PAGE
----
What is oil colour?
Oil colours have been used in various forms since the fourteenth century. Before then, pigment ground into an emulsion with egg was the medium of choice in most artists’ studios. Oil colour, however, quickly surpassed egg tempera in popularity because of greater versatility, longer working time and more subtle rendering. The rounded, exquisitely modelled forms characteristic of the Renaissance would not have been possible without the qualities that come with oil colour. Originally, the master painters’ apprentices within the studio prepared oil colours. During the late eighteenth century, colourmens’ shops appeared in Europe, offering colour that was pre-milled. In 1832, Winsor & Newton was founded in London. While there is great romance in the history of oil colour, there is also no question that today’s colours are vastly superior in quality to those made centuries, generations, and even just a few decades ago. Why? New, more permanent materials, superior methods, as well as the accumulated experience and scientific expertise of the manufacturer have made a dramatic difference to the quality of colour available to today’s artist.
Today, traditional oil colour is made through essentially the same process employed in the fifteenth century. Pigment is milled with a vehicle of linseed oil (from the flax plant) and, in some cases, safflower oil (which is paler and dries more slowly). Instead of grinding each colour by hand, using a stone or glass muller, the best quality colour is produced today using a variety of milling methods. Decisions about how many passes are required through the triple roll mill, how much oil is used, as well as the kind of oil, are all determined based upon the individual characteristics of each pigment.
The finest oils offer the following:
- Depth of colour. When milled properly, linseed oil will support a high concentration of pigment. This translates into high tinting strength, true mixing, and the opportunity to take full advantage of the relative transparency or opacity of each pigment. In addition, the refractive qualities of the oil (how light passes through the vehicle) bring a richness and jewel-like depth to the colour that is still unmatched when compared to any other medium.
- Extended working time. Depending upon the pigment, Winsor & Newton oils become touch dry in 2-12 days, allowing for extended working, blending, and modelling. The variance in drying time is due to the reaction of each pigment when mixed with the oil.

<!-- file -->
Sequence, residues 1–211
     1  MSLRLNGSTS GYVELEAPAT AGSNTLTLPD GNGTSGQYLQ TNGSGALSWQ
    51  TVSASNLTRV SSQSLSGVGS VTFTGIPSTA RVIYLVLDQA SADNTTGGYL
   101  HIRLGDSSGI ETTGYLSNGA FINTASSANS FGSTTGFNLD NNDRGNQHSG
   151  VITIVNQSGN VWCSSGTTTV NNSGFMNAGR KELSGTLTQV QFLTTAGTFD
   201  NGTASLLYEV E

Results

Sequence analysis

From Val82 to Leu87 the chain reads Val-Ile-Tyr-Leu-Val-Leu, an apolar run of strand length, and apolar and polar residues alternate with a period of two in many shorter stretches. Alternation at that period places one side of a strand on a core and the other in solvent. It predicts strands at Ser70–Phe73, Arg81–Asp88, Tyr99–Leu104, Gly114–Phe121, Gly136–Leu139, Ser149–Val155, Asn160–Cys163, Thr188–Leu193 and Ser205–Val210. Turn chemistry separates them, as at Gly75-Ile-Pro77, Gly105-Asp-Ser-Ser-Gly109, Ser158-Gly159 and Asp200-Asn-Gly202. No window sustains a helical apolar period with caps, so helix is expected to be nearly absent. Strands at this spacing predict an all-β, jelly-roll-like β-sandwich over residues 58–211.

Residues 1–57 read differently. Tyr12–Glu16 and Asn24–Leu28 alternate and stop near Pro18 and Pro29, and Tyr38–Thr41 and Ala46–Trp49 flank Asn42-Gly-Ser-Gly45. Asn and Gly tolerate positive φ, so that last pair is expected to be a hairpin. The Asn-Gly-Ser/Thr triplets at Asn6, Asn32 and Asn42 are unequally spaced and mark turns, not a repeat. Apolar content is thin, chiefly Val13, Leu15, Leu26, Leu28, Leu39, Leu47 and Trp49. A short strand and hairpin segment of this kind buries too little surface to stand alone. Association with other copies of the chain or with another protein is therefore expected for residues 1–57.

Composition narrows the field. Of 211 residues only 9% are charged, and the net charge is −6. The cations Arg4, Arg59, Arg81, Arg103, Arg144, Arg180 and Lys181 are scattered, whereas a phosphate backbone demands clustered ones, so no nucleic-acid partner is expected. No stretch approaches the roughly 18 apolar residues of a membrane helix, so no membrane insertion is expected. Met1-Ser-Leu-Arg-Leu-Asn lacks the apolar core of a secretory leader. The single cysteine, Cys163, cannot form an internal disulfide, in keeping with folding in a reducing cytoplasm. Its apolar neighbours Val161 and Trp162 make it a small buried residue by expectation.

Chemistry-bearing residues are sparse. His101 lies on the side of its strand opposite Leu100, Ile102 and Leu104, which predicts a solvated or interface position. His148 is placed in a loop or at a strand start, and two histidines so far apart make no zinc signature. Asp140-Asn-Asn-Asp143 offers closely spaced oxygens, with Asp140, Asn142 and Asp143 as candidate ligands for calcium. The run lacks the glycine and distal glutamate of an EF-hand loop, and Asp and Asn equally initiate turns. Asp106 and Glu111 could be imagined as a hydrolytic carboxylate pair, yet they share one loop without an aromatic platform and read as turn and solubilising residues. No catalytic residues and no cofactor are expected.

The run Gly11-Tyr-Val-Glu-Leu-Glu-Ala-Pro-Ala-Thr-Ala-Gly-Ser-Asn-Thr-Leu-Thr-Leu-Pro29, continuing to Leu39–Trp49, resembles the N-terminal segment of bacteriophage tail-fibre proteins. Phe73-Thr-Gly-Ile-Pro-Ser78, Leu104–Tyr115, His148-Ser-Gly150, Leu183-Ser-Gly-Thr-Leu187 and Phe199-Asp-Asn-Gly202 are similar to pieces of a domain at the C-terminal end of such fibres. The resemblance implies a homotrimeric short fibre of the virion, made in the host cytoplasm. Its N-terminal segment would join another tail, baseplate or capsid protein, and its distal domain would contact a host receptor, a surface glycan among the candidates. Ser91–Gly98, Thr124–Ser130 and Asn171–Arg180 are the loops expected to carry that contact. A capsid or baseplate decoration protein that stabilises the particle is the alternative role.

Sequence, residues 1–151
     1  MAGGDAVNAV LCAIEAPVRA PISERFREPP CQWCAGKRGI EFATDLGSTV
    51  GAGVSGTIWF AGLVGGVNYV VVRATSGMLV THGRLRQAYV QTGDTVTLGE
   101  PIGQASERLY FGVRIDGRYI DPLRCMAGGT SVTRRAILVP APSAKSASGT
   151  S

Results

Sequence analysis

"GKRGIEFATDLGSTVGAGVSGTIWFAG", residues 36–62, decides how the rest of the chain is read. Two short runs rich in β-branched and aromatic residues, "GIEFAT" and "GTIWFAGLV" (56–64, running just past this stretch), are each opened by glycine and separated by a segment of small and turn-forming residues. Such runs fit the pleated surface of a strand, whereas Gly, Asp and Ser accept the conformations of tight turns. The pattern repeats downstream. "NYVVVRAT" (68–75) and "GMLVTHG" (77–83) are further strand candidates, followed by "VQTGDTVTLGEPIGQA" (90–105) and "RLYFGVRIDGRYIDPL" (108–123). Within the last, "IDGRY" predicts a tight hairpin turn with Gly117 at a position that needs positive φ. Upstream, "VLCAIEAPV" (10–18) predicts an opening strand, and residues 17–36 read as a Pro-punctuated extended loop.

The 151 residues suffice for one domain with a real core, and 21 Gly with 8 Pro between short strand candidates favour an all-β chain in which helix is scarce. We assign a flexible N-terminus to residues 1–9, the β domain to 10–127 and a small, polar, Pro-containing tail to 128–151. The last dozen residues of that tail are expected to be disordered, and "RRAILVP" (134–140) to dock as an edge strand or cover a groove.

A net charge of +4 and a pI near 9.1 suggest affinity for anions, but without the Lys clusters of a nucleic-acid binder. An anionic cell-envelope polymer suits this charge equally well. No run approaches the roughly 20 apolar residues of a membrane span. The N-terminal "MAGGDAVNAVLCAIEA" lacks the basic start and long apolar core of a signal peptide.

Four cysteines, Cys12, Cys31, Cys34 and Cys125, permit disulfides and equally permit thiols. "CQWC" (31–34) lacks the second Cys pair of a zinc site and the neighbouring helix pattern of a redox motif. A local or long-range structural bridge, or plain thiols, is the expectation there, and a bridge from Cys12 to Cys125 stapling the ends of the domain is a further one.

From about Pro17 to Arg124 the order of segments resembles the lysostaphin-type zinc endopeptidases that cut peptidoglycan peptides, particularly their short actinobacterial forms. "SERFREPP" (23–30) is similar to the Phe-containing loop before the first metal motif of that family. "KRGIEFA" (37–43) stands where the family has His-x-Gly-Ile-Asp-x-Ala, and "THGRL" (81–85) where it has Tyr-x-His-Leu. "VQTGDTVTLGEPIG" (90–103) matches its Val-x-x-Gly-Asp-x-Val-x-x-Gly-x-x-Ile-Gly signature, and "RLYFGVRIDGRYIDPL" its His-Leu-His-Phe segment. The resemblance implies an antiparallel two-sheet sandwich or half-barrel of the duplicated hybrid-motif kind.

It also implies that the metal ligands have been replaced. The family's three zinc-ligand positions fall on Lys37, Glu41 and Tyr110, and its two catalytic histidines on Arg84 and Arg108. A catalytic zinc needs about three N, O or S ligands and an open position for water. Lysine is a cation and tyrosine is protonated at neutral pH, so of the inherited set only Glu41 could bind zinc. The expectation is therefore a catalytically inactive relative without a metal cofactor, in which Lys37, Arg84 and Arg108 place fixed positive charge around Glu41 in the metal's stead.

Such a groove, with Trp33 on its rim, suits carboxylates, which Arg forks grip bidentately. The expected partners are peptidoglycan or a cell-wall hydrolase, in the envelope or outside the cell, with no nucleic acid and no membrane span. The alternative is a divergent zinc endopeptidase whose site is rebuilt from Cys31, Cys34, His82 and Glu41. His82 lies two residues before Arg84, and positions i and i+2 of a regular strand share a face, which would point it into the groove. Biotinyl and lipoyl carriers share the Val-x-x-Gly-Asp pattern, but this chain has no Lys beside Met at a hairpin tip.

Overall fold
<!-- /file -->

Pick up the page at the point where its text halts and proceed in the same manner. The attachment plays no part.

- Stability within the tube. Expertly milled colour will remain stable in suspension almost indefinitely. Colours milled with less skill have a tendency to separate, with oil rising to the top of the tube, and leaving bulk pigment at the bottom. In addition to being an annoyance for the painter, too much separation can result in colour that, when applied, is “underbound”, and that doesn’t include enough oil to create a stable paint film.
- Permanence and stability on the painted surface. The finest oil colour is an ideal mixture of pigment and vehicle, allowing for the oil to dry as it should, forming a stable film that, under the right conditions, will last for many generations.
Linseed oil dries by oxidation, a chemical process that occurs as atmospheric oxygen is added to the exposed oil film. In short, oil colours dry through a long, slow breathing process. The drying mechanism starts as oxygen is added to the oil molecule, launching a reaction that transforms the essentially linear structure of the fluid into a hardened, three-dimensional, lattice structure. When properly applied, the oil film can be highly stable and permanent. But anything that interferes with the drying or polymerisation process – whether it be over-thinning, or the use of impure solvents – will produce a film that is less able to withstand the ravages of time.